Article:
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Streatham Park Cemetery and South London Crematorium

Introduction

The cemetery is laid out on a grid and near the entrance are austere family vaults; there are various gardens of remembrance, including rose gardens.

Streatham Park Cemetery opened in 1909, but was originally conceived in 1890 as the Great Southern Cemetery, matching the Great Northern Cemetery that opened in 1861 in Southgate. Cemetery buildings included a lodge, an Anglican Chapel and a small Roman Catholic chapel designed by John Bannen, who also designed the Crematorium, which opened in 1936. The cemetery lodge and RC chapel have since been demolished, the Anglican chapel later re-opened as the cemetery office. The cemetery is laid out on a grid and near the entrance are austere family vaults; there are various gardens of remembrance, including rose gardens. One of the founders of the cemetery, Frederick Field (d.1923) is buried here. The cemetery has a long association with the Variety Artistes' Benevolent Fund, with 200 variety artistes buried here between 1921-44.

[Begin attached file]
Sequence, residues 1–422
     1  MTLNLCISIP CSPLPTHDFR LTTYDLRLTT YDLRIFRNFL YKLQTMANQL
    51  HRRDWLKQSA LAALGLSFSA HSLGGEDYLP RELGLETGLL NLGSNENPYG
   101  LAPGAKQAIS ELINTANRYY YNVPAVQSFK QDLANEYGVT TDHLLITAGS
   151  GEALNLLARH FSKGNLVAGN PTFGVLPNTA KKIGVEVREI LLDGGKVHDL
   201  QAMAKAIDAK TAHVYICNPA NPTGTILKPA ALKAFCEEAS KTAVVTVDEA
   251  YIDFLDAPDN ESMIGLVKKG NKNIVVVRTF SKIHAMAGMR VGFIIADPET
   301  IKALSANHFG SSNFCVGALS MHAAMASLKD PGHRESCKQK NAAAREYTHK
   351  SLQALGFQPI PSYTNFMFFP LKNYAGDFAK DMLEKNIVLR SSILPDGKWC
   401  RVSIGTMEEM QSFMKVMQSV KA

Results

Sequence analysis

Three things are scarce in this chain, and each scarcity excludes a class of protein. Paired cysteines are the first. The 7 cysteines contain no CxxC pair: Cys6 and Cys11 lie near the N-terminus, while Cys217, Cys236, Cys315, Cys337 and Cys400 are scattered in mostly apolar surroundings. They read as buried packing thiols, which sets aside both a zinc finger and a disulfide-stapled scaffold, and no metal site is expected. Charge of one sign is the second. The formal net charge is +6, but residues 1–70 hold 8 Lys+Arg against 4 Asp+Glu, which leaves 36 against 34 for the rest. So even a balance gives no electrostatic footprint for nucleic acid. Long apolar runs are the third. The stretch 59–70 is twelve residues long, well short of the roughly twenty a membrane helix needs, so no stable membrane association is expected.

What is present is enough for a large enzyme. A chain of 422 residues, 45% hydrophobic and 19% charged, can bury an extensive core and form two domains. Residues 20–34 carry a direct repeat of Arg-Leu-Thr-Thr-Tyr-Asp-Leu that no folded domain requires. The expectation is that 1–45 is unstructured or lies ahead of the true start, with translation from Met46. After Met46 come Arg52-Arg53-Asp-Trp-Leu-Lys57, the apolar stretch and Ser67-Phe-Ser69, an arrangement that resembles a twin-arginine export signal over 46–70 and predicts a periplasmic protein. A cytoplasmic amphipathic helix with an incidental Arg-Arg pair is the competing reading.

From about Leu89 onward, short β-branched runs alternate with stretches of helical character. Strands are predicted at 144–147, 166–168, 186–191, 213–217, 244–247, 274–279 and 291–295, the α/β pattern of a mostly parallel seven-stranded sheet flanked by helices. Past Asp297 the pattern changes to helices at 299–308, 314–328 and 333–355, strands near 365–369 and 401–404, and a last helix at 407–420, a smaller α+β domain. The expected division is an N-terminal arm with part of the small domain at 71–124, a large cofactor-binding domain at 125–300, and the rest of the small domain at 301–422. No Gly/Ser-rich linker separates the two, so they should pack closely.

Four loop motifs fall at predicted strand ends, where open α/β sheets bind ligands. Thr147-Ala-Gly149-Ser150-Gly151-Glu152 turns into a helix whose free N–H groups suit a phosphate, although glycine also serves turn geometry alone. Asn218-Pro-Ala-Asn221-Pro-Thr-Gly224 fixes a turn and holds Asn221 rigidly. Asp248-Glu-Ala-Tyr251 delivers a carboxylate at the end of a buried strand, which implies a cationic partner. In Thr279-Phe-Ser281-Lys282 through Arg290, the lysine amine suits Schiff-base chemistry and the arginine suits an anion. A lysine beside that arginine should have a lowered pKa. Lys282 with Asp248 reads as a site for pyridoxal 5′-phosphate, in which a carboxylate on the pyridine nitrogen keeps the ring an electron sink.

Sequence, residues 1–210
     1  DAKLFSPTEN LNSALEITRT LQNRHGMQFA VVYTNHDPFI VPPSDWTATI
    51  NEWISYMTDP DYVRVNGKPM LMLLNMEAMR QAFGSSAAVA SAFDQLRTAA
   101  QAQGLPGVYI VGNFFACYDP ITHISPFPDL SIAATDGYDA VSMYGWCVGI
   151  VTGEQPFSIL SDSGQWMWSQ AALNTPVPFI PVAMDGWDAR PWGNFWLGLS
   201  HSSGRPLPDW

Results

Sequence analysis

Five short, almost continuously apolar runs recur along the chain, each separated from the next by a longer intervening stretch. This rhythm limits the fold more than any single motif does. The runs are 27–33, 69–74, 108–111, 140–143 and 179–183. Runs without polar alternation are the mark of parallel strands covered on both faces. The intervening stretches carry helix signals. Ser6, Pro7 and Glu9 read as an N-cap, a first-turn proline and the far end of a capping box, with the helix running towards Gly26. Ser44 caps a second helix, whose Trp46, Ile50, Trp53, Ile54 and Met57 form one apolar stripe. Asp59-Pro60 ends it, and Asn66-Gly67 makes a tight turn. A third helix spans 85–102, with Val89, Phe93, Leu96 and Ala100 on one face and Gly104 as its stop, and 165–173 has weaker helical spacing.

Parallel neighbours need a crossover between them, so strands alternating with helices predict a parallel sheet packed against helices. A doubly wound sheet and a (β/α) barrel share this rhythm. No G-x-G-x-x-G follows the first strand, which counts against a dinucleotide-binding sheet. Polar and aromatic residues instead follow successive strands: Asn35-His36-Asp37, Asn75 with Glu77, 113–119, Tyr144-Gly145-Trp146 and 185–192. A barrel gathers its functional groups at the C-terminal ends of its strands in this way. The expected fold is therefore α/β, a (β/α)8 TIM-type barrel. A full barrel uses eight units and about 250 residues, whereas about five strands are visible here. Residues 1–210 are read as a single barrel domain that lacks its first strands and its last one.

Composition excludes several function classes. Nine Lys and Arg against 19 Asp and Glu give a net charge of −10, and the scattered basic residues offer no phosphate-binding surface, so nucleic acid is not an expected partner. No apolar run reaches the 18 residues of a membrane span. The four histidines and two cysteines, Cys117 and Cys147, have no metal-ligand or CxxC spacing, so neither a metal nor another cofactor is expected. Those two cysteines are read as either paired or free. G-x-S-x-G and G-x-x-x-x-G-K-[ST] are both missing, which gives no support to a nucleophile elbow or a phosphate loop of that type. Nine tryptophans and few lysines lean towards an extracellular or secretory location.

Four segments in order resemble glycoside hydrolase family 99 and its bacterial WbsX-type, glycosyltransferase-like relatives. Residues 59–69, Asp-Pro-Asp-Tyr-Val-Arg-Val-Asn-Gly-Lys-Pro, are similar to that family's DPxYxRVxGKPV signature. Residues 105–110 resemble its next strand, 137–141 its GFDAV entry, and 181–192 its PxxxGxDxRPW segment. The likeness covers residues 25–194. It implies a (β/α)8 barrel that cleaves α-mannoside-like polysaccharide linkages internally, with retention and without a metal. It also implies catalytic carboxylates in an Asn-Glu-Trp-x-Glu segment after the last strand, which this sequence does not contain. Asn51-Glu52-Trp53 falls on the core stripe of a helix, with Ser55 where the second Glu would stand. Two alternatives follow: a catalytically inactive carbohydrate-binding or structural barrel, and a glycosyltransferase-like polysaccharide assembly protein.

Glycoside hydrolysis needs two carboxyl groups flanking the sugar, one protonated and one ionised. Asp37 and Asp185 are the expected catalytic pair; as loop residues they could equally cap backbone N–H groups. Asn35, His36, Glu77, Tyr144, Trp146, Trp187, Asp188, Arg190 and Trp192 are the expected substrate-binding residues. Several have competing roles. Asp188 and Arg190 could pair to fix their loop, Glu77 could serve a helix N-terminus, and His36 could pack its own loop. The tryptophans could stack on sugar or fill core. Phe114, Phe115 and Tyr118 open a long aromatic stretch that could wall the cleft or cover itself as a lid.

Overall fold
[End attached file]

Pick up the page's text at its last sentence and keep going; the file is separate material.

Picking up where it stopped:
Sources consulted:

Hugh Meller & Brian Parsons, 'London Cemeteries, An Illustrated Guide and Gazetteer', 4th edition (The History Press, 2008), p316-19

For more information see http://www.londongardensonline.org.uk/gardens-online-record.asp?ID=MER056

Visitor Access, Directions & Contacts

Access contact details

The site is open daily 9am - 5pm except Christmas Day: 10am-4pm

Directions

Tube: Clapham Common, Morden (Northern) then bus. Rail: Streatham Common, Streatham Hill, Mitcham Junction then bus. Bus: 60, 118.

Owners

Dignity Funerals Ltd

History

Period

Early 20th Century (1901-1932)

Key Information

Type

Cemetery

Purpose

Cemetery

Principal Building

Cemetery

Period

Early 20th Century (1901-1932)

Survival

Extant

Hectares

25.5

Open to the public

Yes

References

Contributors

  • London Parks and Gardens Trust